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post #16 of 346 Old 02-12-2019, 07:44 PM
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I had to thin my RB garden last year but it is amazing what you can grow in a small space when soil is super fertile.

I have always been an, in the ground, Gardner but raised beds have sold me.

I've learned that people will forget what you said, people will forget what you did, but people will never forget how you made them feel. Maya Angelou

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post #17 of 346 Old 02-13-2019, 05:20 AM
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Re: Garden 2019

We may expand the garden this year, or just move some of the planting into an already fenced part of the yard. I finally sent out a sample of our soil and received a test report from UConn in December, and will be looking for a local source of 5-10-10 as Spring approaches. Limestone, the other recommendation, is easily found. We picked up some free seeds from the local library via URI. We will still purchase fresher seeds and some started plants closer to Memorial Day.

The cover crop greened up nicely but needs warmer weather to flourish before tilling. This is the last photo I took that direction (late December).
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post #18 of 346 Old 02-13-2019, 09:08 AM Thread Starter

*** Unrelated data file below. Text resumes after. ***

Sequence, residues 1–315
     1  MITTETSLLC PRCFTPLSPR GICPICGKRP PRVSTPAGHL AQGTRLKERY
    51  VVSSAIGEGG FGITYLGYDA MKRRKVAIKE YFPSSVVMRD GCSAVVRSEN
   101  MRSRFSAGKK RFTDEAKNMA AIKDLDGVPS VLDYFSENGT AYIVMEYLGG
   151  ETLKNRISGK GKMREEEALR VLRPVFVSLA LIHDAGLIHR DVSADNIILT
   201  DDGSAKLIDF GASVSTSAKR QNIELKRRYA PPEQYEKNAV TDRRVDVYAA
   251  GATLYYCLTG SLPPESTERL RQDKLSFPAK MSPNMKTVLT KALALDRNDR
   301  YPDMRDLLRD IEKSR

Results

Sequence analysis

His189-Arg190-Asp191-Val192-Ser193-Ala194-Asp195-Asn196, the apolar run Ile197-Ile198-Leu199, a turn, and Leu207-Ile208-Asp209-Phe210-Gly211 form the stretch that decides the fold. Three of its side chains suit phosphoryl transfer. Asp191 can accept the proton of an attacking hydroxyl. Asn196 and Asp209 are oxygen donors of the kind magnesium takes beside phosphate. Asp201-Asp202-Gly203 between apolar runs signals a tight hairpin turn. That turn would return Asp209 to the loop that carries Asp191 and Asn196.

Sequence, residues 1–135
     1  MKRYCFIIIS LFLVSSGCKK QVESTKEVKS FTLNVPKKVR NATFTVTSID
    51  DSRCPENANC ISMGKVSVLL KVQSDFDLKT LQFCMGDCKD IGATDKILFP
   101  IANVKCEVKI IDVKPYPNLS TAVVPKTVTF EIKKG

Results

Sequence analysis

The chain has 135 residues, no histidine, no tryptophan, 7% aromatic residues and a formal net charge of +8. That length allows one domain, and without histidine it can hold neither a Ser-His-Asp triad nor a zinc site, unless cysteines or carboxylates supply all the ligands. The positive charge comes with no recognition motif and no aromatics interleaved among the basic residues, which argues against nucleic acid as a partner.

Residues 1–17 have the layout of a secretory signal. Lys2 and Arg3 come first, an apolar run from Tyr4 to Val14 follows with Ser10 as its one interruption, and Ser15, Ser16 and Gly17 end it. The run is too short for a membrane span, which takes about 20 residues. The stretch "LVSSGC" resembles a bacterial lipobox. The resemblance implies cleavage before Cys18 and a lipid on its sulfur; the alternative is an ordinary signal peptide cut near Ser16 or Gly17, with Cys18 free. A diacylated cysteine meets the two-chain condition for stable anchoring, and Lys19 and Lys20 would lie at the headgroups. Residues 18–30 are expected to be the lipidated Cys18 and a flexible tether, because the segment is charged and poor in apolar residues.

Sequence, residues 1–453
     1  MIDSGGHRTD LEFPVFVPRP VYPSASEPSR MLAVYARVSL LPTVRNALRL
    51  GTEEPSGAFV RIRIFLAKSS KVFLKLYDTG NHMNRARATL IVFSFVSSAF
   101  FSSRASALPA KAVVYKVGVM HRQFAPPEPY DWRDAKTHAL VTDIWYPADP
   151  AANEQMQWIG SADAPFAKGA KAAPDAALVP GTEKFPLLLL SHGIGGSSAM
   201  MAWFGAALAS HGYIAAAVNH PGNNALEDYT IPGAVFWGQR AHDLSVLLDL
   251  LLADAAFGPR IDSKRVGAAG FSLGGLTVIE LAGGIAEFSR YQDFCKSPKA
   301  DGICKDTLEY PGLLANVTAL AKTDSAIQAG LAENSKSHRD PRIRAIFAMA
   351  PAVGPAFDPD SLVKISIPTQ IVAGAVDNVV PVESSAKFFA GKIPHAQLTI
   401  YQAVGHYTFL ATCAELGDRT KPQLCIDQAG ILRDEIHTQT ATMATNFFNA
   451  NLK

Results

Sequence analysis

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Re: Garden 2019

I'll have to agree with leaving plenty of space between rows, especially tomatoes. This is mine last year with plants set in 5' wide rows. I had them caged, and T-posts set to do a Florida weave around the cages. I got them mulched with leaves before last Summer's monsoons hit. I figured I had a couple weeks before having to worry much about training the tomatoes, and keeping them inside the cages. They grew quicker than I had anticipated, and the lower limbs were just too big to get back in the cages. I manage to get the higher one's in after that, but they still got pretty bushy, and closed the rows in. I thought of trimming them back, but was afraid it may lead to some disease damage.

This year, I plan on 6' between rows. I'll not be planting sweet corn, so that will give me extra width, plus much more room to space out the pole beans, peas, mabe some cuke's, and pepper plants.
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post #19 of 346 Old 02-13-2019, 12:53 PM
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I pulled hundreds of these tomato worms off last year. I have to take some preventative measure s this year
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I've learned that people will forget what you said, people will forget what you did, but people will never forget how you made them feel. Maya Angelou

Massey GC2400
Gravely ZT HD 60" 24hp Kaw.
Ingersoll 3014 44' deck, 38" Snow Blower
Old Troy Build Horse Tiller
Husky Snow Blower 24" 6hp
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post #20 of 346 Old 02-13-2019, 12:59 PM
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Re: Garden 2019

It's still 3 months til planting here, w/12"+ snow on the ground,
but, the main task this year is to get the deer fence up.

Dan